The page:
"Their musical creation literally explodes into the faces or masks of the audience, thrusts itself into its consciousness and even if you don't happen to be interested, there is no way of avoiding it or refusing to take it into consideration..." -DV review of one of their shows in April of 1984.

In Details (July 1994), Björk stated "I might just make it my mission to make everyone in the world read [Story Of The Eye]." It's no surprise that the first album that KUKL release should be the musical manifestation of this book.

When the band broke up in 1986, many of the members created a new band and this led to the formation of Sykurmolarnir or, in English, The Sugarcubes.

When asked about KUKL today, Björk dismisses their musical and philosophical efforts. "We were stupid terrorists."

KUKL- The Eye

Details interview with Björk

Read Story Of The Eye on the Georges Bataille eLibrary. The entire book can be downloaded as a .pdf file for free!


Z 3.0 said...

yo, wussup with the bloggers? No posts on the KUKL!?!?!?!
Nice spread, tight text. I didn't know half of that story. It was just an obnoxious abstract crasshole record with interesting female vox. We just wanted our Antisect when this came out. Sugarcubes at Scream was a different story. Great live band and that alien looking girl in a school uniform with a voice that could shake the rafters. The preacher's kid call Bjork still does the abstract sounds yet in a manner I find rather enjoyable. Now if she would just book a week in a decent size old theater nearby instead of just doing the monster venues. Hey if you take requests I'd love to see your spread on Kate Bush's the kick inside.

b3A7n1k said...

Hey, pal!

I actually discovered that less than 6 hours after I posted that album, the blog aggregators had already posted links to my blog and I had lots of downloads of that album. It was a pretty popular post.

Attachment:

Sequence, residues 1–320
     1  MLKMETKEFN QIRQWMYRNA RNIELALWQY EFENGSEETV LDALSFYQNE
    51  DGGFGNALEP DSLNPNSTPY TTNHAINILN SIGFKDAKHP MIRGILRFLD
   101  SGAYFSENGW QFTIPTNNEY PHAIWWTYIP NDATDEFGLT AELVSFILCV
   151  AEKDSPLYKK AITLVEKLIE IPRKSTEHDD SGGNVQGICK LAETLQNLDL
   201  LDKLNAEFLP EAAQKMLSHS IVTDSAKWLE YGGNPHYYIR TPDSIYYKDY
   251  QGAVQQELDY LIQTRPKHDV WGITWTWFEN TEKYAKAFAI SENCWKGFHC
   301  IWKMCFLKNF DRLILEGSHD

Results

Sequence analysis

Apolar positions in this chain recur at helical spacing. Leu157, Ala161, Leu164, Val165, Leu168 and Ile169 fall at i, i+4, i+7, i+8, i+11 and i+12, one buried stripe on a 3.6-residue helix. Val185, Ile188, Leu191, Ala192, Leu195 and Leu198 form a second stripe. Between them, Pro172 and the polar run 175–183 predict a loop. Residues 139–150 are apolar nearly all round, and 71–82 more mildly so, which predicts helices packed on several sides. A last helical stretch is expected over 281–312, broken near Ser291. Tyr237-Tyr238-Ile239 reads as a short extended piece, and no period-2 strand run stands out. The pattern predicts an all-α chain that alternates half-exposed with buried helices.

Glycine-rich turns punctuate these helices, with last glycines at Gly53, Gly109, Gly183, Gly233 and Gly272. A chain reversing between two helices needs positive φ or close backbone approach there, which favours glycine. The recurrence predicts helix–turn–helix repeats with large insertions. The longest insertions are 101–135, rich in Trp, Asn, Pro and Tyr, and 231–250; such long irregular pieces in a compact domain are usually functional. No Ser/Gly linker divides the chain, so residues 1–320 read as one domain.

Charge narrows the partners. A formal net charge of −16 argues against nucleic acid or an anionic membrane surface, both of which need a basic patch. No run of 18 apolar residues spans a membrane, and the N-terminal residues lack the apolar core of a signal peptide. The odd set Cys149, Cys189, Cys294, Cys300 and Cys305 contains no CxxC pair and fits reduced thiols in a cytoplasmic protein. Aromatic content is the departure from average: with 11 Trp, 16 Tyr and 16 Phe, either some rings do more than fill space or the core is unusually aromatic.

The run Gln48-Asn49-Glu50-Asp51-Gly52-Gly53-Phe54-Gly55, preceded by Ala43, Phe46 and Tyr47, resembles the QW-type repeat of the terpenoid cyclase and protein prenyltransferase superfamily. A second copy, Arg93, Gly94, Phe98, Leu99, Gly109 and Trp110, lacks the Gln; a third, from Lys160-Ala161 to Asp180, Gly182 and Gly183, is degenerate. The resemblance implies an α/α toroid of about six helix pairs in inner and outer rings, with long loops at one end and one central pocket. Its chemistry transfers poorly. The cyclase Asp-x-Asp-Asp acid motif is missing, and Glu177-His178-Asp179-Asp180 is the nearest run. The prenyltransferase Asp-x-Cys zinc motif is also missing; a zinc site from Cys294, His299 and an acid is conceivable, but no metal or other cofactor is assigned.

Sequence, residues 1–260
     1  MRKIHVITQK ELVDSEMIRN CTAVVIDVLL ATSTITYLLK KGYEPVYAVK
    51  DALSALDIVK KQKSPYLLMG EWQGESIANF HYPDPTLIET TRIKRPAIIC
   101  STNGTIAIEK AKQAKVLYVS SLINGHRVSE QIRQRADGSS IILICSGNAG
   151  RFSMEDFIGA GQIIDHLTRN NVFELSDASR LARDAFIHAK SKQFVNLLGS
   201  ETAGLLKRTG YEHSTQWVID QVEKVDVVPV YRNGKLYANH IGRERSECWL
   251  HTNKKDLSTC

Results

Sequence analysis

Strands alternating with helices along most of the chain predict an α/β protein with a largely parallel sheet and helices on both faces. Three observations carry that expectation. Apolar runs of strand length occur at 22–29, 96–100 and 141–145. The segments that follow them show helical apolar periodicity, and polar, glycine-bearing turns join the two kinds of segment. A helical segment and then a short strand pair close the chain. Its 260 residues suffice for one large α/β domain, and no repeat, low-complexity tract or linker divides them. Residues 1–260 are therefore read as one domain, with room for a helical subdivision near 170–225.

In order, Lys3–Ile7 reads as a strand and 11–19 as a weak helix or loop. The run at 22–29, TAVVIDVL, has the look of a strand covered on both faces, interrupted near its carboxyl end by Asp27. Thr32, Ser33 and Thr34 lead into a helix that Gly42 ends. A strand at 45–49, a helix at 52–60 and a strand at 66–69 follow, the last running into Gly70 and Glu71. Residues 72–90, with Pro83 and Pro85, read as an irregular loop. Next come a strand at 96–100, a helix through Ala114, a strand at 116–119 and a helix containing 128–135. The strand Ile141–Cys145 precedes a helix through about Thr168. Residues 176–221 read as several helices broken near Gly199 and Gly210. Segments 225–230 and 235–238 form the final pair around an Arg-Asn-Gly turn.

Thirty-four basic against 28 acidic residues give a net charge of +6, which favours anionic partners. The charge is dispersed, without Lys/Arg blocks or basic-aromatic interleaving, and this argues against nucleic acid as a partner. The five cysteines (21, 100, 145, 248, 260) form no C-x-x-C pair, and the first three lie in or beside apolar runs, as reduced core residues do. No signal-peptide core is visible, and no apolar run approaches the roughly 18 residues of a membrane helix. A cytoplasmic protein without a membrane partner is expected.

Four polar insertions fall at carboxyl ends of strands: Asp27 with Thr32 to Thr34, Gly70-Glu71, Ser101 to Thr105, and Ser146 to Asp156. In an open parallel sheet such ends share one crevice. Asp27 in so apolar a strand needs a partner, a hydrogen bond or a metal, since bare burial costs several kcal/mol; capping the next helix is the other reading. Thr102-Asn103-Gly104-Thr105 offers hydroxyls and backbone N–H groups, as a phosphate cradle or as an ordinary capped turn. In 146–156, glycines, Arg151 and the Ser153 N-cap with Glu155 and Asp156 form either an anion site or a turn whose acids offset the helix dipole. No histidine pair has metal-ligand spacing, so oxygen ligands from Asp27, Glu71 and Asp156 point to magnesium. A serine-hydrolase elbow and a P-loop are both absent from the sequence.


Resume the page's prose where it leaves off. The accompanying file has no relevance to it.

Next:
One of the rare times I actually entertained getting a musician's autograph was the first solo tour that Bjork went on in the US after her Debut album came out. She performed with Goldie at Liberty Lunch and I wanted to go to the gig and get her to autograph my KUKL record. Sadly, I decided I didn't want to brave the hordes of people at the gig. In my mind, at that time, a show at Liberty Lunch was a "big show." Funny...

When she first went solo, I remember thinking what a horrible fucking idea it was. How could she tour without the rest of the Sugarcubes? What about Einar Orn? Having been influenced in my youth by bands that had both male and female vocalists, I was not used to the idea of just one or the other. (Although, admittedly, there was no female singer in my own band.) Little did I know what a huge pop star Bjork would end up being.

At some point soon, I'll post the soundtrack she composed for that movie Drawing Restraint 9, which was a visually beautiful movie. According to the director, it will never be released to DVD. It played here for a week and I saw it 3 times, I was so taken in by it. By the time, I left the theatre, I felt like I had just meditated for 2 hours. Don't know if there's a pirated copy out there somewhere but if so, you should definitely check it out. Be warned: there's almost no dialogue in it.

I actually don't own any Kate Bush; it's not that I don't like her, I do. I actually heard an album that she'd released recently and it has the old familiar recording quality to it. I was initially skeptical because I figured it would have all these new-fangled recording techniques that would ruin the sound of her music that I had grown accustomed to. However, I was pleasantly surprised.